Director’s Note for We Won’t Pay
Here is the director’s note I wrote for the production I just directed of Dario Fo’s We Won’t Pay! We Won’t Pay! Overall, the play went very well. The set was fantastic, the lighting and costumes were great, the actors really stepped up to the considerable challenge.(In fact, Ron Jenkins, translator of the play, Dario’s onstage translator and collaborator, and a clown college graduate and theatre professor) told me that he thought we really got the rhythms of Dario Fo in the play– something that he has seen a lot of professional companies fail at. And later told the people that hired me that they really picked the right guy! — Ron, the check is in the mail! )
Considering that I was in rehearsal beating the rhythm of the play out with a stick, I feel pretty vindicated and happy. And a lot of the clown routines I added in (including a three minute chase sequence, complete with Chariots of Fire Slow Motion) were very well received.
There were of course notes I could have given to the end (and continued to work on) but I am very pleased with how the show came out.
Anyway, here’s the director’s note:
I met Dario Fo in 1996 in Copenhagen as part of ISTA (the International School of Theatre Anthropology). Dario and Franca Rame (his wife) were presenting at the conference. I’d known who he was, and was excited to meet him of course, but I didn’t really get how great he was until he spoke/performed. He was recovering from a stroke, and he apologized for his weakened state. But with each sentence he spoke he drew strength from the audience’s reactions, until 45 minutes laughter (I mean later), he had transformed into seventeen or eighteen different characters, had us eating out of the palms of his hand, and looked and sounded as strong as an ox. He spoke in Italian, and although I speak nothing more than “Ciao Bella”, I felt like I understood Italian perfectly. He was that clear at communicating.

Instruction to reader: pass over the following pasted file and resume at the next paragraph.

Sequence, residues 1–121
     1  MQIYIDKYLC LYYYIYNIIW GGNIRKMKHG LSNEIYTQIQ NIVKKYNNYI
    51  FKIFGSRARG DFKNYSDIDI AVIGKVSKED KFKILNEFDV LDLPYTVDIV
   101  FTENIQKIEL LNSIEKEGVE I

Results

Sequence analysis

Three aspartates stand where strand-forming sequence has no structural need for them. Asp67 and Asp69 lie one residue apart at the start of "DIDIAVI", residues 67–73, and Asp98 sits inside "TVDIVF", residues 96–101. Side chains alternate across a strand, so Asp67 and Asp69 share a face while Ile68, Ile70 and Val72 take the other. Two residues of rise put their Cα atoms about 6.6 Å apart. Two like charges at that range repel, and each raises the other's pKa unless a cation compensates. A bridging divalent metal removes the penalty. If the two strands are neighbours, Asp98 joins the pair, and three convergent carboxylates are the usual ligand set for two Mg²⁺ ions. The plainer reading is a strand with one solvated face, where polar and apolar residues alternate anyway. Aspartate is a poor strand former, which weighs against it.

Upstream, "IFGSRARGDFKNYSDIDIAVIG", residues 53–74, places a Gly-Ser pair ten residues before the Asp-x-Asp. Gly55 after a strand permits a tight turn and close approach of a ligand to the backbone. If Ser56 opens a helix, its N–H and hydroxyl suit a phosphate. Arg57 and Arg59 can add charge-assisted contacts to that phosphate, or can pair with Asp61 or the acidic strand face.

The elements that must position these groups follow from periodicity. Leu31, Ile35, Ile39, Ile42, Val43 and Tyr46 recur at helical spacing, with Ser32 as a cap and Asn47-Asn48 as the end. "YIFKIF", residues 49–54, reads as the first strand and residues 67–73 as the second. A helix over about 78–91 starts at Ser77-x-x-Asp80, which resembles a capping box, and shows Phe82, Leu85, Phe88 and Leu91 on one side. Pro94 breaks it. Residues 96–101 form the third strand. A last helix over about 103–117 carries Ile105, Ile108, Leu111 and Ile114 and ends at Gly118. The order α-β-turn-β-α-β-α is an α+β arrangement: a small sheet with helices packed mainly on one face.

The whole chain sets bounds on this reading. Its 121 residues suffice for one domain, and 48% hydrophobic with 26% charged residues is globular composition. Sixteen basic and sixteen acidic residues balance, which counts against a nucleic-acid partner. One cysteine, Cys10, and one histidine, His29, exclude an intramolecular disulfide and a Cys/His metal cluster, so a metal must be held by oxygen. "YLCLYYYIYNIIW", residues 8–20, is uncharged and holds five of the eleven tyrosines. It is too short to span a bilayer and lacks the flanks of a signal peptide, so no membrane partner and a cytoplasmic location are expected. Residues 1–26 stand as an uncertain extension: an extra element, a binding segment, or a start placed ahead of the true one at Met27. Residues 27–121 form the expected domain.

I ended up following Dario to every performance, lecture, and art exhibit he attended for the next two weeks, listening to him speak, watching him drink coffee. I’m lucky I wasn’t arrested for stalking. Dario was (and is) my ideal theatre artist — a hybrid playwright/actor/director/artist/theater owner/social activist who was (and is) equally adept at all of them, and just plain hilarious. I realized that I wanted to become Dario Fo when I grew up. Eleven years later, I haven’t managed it, not by a long shot, but Dario Fo is still at the root of my thoughts about what makes compelling theatre.
We Won’t Pay! We Won’t Pay! is perhaps Dario’s most produced play and is emblematic of his work– a story that starts simply, but quickly gets outrageously complicated. His stories and plots have tangents, embellishments, digs at authority (the pope, the cops, and big business among them) and concrete visual images that are logical and absurd, both at once. These tangents and images push the actors to constantly engage the audience, to charm them, to conspire with them, and to entertain them.
It is amazing how relevant this 35 year old play is today. It’s a story about two couples pushed to the edge by rising prices, shrinking jobs, skyrocketing crime (both real and imagined), an uncaring government, and an inability to pay for the necessities of living. In the age of the $3 gallon of gas, the $4 cup of coffee, and the $5 gallon of milk, does this sound familiar? I thought so.
I want to say thank you to EVERYONE at Theatre Fairfield. Everybody I’ve met from students to professors to other guest artists, have acted like real professionals. And of course, I must thank my talented, talented cast, who have generously given of their creativity and talent to make this show the wonderful working experience that it’s been.
Enjoy the show! And to quote Dario and Franca (who are quoting Moliere) “Laughter opens the mind of the audience so that the nails of reason can be hammered in. “
I hope you leave the theater with your head full of nails.